When well executed, publicity stunts are a great way to create excitement around your brand and show that you can do something fun as well. They can be feats of creative genius that engage the public and add a little colour to the news cycle.
From FHM projecting a naked Gail Porter onto the Houses of Parliament to Prince changing his name to an unpronounceable symbol, the PR industry has found some truly ingenious ways to get people talking.
However, PR teams have occasionally strayed from headline-grabbing creativity towards sheer fabrication and are rightly exposed by the media outlets they are trying to court. Here’s my list of the top three not-so-subtle stunts that test the old adage that ‘all publicity is good publicity’.
When Tom Boddingham ordered his novelty monster slippers in different sizes for his mismatched feet, he was ‘accidentally’ sent one in size 13 and the other in size 1,450. A number of major newspapers ran the story complete with a picture of Mr Boddingham sitting in a bed-sized slipper and an implausible excuse from the Chinese manufacturers saying that they’d they had missed the decimal point in 14.5 (with no explanation of the additional zero).
The company later explained that its factory owner, Mr Xie, had “figured it was a sample for a shop window display, so he thought nothing of it being gigantic.”
A little digging by the Guardian’s Polly Curtis revealed that the chap in question looked remarkably like Monster Slippers’ web manager, Joe Jennings, whose twitter account mysteriously disappeared shortly after.
The budget airline has built its PR strategy around proposing controversial cost-cutting measures and then doing nothing to introduce them. From cheap standing tickets that would contravene aviation regulations to a £1 toilet charge that would breach human rights, the no-frills carrier regularly conjures up unfeasible schemes to show how cheap it is.
Other ‘plans’ have included forbidding staff from charging phones, flying planes with one pilot and banning luggage. And don’t get me started on the yearly debacle over Ryanair’s cabin crew calendar featuring scantily-clad stewardesses…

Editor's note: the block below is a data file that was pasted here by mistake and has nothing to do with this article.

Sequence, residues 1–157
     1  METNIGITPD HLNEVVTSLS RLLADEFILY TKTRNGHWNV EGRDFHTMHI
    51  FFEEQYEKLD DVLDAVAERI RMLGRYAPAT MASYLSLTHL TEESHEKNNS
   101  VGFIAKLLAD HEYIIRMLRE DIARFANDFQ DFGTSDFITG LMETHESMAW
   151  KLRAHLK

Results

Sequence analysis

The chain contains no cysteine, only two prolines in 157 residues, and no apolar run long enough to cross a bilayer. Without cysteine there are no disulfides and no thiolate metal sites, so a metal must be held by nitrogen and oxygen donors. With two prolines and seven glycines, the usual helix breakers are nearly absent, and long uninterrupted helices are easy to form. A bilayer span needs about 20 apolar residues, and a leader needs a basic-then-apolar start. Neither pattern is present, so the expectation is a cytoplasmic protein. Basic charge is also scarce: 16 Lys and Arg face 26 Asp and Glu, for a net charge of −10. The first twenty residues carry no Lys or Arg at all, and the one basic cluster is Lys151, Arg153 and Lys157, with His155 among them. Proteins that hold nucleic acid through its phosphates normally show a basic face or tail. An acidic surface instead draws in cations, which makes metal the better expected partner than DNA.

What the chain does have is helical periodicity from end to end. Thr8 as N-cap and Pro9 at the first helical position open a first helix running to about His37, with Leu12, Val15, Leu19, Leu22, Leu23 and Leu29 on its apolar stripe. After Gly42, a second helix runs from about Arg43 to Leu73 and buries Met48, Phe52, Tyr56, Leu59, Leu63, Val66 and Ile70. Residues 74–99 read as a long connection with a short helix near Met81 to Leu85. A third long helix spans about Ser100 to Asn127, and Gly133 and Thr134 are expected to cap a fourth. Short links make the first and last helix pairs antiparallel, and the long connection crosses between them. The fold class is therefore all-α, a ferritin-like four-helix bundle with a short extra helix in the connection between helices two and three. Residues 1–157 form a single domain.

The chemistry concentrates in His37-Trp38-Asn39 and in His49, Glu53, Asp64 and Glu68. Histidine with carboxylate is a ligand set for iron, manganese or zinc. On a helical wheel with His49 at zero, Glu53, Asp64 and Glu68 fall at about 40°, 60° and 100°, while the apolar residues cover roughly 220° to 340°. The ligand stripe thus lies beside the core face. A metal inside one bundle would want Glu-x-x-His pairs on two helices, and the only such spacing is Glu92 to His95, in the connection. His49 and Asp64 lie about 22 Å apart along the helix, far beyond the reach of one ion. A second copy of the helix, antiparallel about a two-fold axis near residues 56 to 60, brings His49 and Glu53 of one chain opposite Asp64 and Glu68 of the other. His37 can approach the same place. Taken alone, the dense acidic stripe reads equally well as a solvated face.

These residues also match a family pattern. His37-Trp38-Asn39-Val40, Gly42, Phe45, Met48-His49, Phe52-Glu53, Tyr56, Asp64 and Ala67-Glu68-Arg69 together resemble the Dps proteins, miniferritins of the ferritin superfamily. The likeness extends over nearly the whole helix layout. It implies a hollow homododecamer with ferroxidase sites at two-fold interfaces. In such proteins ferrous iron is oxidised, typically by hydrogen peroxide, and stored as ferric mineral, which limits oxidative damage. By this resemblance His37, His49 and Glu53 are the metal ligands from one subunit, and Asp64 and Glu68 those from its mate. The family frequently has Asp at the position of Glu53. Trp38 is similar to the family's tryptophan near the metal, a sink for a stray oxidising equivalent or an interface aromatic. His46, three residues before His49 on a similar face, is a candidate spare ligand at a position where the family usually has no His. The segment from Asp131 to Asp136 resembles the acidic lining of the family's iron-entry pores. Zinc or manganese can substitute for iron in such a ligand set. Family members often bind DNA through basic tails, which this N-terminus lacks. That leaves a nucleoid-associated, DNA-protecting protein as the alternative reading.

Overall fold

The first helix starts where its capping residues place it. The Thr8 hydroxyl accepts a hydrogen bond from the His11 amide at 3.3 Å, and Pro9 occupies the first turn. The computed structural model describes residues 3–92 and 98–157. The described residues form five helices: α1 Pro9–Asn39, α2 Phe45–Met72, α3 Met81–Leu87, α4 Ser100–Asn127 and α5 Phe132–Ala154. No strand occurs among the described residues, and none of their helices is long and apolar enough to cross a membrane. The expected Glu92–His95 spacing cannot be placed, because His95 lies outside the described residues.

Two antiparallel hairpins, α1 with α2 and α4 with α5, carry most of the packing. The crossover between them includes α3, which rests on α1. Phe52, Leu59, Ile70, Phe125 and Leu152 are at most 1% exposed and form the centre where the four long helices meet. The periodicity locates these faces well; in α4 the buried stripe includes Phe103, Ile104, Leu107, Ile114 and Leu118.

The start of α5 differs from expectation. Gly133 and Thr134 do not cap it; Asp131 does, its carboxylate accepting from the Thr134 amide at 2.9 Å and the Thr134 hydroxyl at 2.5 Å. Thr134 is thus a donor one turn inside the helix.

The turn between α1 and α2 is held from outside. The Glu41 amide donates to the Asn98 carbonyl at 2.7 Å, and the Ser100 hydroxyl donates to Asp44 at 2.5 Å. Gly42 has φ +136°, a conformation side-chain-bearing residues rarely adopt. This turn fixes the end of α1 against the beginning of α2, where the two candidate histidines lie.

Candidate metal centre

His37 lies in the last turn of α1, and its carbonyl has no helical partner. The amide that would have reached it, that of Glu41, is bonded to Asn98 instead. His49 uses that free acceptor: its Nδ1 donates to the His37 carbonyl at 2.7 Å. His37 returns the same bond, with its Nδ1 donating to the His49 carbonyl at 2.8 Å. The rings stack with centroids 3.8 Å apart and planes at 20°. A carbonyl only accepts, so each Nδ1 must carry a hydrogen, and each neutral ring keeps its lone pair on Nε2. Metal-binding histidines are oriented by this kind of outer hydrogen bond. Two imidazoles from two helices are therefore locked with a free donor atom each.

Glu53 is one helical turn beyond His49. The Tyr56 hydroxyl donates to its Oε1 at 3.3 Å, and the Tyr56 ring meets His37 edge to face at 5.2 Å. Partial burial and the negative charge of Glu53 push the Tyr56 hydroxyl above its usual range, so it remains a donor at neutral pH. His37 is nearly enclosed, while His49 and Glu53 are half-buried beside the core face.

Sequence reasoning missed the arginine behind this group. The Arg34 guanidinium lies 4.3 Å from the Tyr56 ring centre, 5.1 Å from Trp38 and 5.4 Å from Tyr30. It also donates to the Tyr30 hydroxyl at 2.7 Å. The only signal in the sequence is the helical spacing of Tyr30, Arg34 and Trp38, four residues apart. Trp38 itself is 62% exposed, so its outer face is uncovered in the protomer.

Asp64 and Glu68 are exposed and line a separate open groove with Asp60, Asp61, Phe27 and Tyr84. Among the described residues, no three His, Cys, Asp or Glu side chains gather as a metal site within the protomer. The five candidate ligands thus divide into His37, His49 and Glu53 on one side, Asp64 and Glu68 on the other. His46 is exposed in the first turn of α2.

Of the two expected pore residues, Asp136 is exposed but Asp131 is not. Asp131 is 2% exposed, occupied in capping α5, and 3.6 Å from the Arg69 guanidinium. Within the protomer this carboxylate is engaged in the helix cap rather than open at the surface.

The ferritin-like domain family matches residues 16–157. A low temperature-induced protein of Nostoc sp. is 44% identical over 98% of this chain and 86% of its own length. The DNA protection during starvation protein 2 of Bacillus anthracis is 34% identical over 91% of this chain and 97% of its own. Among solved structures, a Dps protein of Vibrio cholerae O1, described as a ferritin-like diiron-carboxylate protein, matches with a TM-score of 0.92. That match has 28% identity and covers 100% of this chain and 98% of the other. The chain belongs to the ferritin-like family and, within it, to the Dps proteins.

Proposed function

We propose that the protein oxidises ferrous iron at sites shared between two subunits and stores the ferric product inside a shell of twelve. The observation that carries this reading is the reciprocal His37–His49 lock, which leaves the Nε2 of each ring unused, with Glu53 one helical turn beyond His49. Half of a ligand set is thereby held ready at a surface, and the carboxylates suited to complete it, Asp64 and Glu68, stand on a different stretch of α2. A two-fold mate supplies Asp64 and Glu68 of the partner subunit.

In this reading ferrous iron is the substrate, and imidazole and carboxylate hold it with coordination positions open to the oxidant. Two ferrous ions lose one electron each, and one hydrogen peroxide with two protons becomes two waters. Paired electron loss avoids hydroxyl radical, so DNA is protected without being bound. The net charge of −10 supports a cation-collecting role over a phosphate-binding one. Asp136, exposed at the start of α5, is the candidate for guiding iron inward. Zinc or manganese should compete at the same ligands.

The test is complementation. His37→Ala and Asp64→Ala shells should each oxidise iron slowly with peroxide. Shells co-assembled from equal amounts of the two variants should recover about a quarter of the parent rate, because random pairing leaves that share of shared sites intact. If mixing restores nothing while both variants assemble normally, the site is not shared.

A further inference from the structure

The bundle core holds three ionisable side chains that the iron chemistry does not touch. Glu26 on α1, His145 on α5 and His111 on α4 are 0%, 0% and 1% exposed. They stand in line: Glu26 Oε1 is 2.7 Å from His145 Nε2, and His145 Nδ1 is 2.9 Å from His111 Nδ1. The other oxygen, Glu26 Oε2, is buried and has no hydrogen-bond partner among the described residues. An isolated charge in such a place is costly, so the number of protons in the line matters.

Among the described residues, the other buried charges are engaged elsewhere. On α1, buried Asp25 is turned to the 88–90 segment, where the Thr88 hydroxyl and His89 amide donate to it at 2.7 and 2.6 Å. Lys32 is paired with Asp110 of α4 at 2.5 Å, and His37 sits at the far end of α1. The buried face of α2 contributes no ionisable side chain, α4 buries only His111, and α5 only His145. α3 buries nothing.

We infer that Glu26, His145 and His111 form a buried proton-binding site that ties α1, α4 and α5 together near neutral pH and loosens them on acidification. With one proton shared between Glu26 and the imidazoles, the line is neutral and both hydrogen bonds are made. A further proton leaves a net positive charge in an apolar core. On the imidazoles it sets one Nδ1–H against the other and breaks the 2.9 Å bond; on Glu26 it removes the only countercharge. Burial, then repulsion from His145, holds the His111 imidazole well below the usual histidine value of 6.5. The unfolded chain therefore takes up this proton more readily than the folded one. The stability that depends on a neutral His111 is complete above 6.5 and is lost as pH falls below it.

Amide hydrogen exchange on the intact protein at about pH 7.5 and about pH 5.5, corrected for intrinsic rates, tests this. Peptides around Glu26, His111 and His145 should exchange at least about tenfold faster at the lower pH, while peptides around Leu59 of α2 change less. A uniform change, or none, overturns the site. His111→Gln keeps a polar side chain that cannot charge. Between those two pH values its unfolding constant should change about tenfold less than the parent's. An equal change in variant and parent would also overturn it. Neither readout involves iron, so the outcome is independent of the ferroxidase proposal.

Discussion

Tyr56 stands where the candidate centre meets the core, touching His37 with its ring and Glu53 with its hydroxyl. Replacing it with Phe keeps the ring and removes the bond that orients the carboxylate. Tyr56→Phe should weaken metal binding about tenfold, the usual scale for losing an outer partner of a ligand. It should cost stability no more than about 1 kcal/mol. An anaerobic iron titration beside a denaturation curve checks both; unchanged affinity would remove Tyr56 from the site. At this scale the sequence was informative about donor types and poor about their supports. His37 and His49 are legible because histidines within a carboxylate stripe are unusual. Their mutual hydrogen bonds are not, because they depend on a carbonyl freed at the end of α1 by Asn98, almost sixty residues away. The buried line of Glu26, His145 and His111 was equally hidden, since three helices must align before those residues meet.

Thrill seekers were left salivating at the prospect of Thorpe Park’s new £20million rollercoaster after pictures emerged showing test dummies with various limbs snapped off. The damage had been caused as the coaster travelled through the ride’s ‘near-miss’ spots.
Somewhat suspiciously, whilst the ride’s designers were able to propel 28 people at speeds of nearly 100 km/h they appeared unable to operate a tape measure. Even more suspect was the fact that the pictures found their way to newsdesks across the country (with a range of mid-ride shots showing some of the most exhilarating turns).
The Daily Mail was suspicious and brought our attention to a number of other headline-grabbing events including “a contest where the public was asked to donate urine to create a ‘signature stench’ for its horror maze SAW Alive and a ban on rollercoaster riders putting their hands in the air due to body odour.”
A blend of marketing advice, PR know-how and topical news commentary courtesy of the Journalista team. We run successful campaigns and communications strategies for a range of clients including health, communities and social care. Stay up to date with our bloggers by subscribing to our RSS feed or blog bulletin.